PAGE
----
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Brucellosis; ELISA; Infection; RBT; Risk Factors; Seroprevalence; Children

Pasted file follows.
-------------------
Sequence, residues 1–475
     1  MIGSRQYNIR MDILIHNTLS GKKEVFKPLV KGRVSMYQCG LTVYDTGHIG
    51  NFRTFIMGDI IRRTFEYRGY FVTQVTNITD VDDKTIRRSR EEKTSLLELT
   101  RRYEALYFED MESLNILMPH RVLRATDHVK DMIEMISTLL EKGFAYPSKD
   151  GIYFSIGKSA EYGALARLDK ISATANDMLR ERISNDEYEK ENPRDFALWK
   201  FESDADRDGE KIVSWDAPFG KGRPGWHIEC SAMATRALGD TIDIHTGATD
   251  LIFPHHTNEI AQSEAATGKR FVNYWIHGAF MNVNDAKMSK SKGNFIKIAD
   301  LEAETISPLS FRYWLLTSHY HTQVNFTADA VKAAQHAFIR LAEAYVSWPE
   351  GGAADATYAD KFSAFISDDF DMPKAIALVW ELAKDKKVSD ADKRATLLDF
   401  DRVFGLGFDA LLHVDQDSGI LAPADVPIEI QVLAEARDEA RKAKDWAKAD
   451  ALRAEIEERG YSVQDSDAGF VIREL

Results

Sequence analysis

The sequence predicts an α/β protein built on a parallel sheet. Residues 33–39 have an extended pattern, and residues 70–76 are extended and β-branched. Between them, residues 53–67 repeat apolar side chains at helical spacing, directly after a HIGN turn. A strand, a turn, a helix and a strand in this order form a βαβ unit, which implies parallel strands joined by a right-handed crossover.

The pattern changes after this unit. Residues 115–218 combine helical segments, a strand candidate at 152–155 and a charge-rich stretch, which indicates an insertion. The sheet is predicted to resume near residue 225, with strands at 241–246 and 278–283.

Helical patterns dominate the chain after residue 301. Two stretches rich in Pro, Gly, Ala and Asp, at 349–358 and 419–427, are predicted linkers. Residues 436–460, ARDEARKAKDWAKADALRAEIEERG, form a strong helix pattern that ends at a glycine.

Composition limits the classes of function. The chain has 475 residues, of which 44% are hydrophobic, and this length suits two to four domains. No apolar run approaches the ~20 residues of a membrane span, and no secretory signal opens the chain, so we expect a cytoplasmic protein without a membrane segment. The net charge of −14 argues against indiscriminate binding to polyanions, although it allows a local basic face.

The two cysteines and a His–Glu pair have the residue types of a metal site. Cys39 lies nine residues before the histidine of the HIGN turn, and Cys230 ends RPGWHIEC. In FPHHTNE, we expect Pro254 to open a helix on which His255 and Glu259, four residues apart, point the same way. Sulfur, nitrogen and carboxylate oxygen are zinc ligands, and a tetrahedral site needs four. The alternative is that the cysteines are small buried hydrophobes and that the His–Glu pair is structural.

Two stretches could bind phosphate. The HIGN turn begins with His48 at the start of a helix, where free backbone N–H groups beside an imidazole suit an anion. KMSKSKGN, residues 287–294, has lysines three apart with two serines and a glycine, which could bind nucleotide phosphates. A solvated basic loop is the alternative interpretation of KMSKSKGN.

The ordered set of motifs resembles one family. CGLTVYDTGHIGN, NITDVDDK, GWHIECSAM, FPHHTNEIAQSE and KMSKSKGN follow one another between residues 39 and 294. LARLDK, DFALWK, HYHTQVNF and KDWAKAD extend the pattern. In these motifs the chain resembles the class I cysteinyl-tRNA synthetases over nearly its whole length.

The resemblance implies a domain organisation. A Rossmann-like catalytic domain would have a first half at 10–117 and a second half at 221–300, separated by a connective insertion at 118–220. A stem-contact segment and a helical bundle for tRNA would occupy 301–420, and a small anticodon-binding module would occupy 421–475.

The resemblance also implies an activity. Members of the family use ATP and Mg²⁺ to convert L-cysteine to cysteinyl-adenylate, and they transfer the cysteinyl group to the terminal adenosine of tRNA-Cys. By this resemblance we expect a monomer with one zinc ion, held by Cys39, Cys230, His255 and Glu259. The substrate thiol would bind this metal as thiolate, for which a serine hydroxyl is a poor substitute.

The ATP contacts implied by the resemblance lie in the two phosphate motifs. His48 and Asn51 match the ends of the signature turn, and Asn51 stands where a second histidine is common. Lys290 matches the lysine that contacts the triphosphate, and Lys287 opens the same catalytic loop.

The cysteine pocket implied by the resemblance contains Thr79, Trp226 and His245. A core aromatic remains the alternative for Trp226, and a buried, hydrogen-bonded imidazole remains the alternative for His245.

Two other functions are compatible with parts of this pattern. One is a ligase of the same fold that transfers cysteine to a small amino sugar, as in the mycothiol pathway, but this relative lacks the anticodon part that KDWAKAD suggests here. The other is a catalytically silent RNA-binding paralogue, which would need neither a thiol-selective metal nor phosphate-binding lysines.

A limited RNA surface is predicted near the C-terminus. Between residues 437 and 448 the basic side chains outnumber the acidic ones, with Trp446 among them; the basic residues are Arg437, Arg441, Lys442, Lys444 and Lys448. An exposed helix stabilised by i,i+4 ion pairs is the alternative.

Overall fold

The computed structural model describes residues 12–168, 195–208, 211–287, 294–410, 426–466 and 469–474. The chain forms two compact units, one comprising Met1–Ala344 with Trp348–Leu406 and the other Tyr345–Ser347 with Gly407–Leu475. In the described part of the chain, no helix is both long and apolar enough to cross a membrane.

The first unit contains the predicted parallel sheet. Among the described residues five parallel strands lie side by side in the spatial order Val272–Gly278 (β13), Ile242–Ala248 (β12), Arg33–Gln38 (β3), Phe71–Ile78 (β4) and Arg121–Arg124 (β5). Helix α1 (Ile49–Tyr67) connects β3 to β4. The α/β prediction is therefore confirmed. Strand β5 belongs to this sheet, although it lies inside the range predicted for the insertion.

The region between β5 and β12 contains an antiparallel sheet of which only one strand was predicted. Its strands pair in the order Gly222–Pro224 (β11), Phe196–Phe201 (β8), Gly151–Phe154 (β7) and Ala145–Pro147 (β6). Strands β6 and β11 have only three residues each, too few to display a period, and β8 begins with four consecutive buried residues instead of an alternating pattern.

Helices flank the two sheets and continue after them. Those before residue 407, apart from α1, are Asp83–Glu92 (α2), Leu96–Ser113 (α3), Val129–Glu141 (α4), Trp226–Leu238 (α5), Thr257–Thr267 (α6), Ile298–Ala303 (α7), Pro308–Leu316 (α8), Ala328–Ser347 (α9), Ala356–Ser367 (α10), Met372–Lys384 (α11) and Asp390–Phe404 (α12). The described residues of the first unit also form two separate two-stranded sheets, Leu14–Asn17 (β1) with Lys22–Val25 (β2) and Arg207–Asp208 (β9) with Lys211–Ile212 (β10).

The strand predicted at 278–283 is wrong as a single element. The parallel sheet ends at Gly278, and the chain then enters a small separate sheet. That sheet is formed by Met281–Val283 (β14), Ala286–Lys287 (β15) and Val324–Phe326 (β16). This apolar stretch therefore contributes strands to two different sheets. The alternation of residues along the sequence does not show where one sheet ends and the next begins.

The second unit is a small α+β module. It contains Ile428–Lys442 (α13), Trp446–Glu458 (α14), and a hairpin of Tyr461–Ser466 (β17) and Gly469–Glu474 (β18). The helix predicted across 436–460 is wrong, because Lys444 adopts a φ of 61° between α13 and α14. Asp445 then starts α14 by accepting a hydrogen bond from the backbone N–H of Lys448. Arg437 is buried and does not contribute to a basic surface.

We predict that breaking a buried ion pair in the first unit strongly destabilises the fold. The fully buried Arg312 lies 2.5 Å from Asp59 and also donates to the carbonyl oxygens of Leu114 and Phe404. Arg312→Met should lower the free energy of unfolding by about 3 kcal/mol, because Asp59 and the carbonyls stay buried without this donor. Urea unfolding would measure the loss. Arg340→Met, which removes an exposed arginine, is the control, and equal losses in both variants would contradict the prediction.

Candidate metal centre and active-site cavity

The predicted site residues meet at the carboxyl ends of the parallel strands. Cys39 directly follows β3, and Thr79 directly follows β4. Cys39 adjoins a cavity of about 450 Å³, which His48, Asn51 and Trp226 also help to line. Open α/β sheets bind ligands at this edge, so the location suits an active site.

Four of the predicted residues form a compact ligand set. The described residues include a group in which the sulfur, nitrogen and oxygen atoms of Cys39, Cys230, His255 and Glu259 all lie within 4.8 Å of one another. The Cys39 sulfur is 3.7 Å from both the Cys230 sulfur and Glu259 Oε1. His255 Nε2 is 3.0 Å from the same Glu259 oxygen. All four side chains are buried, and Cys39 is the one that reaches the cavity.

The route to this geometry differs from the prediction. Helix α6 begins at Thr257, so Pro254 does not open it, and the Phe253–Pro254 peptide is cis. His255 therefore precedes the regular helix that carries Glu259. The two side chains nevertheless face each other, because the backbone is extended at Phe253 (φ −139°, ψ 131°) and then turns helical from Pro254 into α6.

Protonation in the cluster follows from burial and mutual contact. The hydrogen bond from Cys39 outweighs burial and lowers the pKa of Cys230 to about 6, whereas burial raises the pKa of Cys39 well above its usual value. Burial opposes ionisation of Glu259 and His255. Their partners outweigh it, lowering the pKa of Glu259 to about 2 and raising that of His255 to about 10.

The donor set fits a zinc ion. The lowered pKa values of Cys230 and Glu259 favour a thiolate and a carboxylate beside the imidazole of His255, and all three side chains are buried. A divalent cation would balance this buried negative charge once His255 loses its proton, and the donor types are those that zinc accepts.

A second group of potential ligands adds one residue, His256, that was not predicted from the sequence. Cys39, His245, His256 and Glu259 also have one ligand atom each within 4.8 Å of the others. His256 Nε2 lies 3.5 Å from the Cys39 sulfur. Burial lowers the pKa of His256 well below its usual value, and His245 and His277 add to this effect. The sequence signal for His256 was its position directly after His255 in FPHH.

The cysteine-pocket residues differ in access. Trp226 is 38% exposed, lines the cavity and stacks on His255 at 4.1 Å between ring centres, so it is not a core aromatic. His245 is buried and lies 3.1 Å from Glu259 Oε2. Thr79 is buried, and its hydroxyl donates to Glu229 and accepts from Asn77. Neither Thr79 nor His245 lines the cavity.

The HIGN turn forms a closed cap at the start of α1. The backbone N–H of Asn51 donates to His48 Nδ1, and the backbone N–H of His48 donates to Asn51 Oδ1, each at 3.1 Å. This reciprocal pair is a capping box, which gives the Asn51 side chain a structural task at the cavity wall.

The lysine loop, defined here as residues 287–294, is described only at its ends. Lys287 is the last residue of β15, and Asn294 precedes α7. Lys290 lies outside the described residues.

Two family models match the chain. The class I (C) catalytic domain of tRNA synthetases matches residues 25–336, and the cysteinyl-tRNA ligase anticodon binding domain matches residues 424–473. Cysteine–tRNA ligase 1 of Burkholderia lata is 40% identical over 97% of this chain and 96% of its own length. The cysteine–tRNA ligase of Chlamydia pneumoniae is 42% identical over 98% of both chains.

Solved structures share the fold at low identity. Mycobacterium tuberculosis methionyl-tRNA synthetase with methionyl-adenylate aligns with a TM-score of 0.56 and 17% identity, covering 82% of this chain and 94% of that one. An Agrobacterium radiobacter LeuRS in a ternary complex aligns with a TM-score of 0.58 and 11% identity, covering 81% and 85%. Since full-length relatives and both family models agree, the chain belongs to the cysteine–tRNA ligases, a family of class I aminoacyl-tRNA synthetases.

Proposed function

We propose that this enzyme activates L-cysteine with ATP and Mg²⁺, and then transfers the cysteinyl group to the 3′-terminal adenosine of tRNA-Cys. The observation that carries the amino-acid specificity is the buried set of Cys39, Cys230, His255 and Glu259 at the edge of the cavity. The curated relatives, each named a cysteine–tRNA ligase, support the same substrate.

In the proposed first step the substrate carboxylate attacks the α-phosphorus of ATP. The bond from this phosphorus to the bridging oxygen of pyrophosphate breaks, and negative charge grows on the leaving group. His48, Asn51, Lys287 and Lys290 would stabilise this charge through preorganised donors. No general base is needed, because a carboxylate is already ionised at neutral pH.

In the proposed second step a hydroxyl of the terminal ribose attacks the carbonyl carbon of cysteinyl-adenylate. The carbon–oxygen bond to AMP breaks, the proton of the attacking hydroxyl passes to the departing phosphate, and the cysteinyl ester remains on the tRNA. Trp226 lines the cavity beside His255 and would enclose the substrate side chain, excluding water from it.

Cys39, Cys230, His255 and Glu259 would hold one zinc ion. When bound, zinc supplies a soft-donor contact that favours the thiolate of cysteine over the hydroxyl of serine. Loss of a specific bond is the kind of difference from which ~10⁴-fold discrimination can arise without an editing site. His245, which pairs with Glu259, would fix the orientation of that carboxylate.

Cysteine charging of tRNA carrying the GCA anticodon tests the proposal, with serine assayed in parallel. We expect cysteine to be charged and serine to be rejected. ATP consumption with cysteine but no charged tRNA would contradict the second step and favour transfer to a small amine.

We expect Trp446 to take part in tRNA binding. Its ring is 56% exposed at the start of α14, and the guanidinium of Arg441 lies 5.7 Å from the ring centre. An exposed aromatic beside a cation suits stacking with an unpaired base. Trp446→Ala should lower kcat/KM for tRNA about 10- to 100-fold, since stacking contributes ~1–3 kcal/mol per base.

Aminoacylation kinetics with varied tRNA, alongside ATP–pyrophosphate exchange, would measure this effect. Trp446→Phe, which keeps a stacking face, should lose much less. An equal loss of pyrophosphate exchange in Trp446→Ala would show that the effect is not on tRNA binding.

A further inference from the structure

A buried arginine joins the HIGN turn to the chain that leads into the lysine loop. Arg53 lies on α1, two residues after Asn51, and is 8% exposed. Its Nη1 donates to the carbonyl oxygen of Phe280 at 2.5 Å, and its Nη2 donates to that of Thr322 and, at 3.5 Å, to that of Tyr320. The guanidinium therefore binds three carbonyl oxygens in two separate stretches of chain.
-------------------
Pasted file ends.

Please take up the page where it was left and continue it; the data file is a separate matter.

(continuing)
Brucellosis is among the most common bacterial zoonotic diseases worldwide. It is estimated that up to 500,000 new human cases occur each year. Brucellosis is a priority zoonosis in most East African countries. In Tanzania, the disease is one of six priority zoonoses, however, little disease burden information is available especially in children. Children are of particular interest especially in pastoral communities due to increased risk of exposure in their routine activities associated with handling of livestock and their products. This study investigated brucellosis exposure status and associated risk factors among non-febrile children in pastoral communities. A cross-sectional design was used involving a total of 361 non-febrile children of six months to 14 years old, randomly selected from households and schools. Risk practices were evaluated using focus group discussions among selected children and thematic analysis was performed. Serum samples were collected and analyzed using Rose Bengal Test (RBT) and indirect Enzyme-Linked Immunosorbent Assay (iELISA) in parallel. The overall seroprevalence of Brucella infection was 3.3% (95%CI, 2%-5%) determined by both RBT and iELISA. Risk practices observed and cited by children comprised of direct and indirect contact with animals and their products. These include: consumption of raw milk and their products, unhygienic handling of animals and their waste especially assisting cows during parturition. Girls/female respondents were more likely to test brucella positive than boys (male) respondents (2.23 OR, 95%CI 66%-754%). Brucellosis among non-febrile children in the study area was present at a relatively low prevalence. Risk practices for transmission of this zoonosis were also identified which included consumption of raw milk, contact with animals, their products and discharges including abortion materials which represent the basis for increased pathogen circulation in the area. General education on the epidemiology of brucellosis and prevention of infection spread should be provided to the community including children.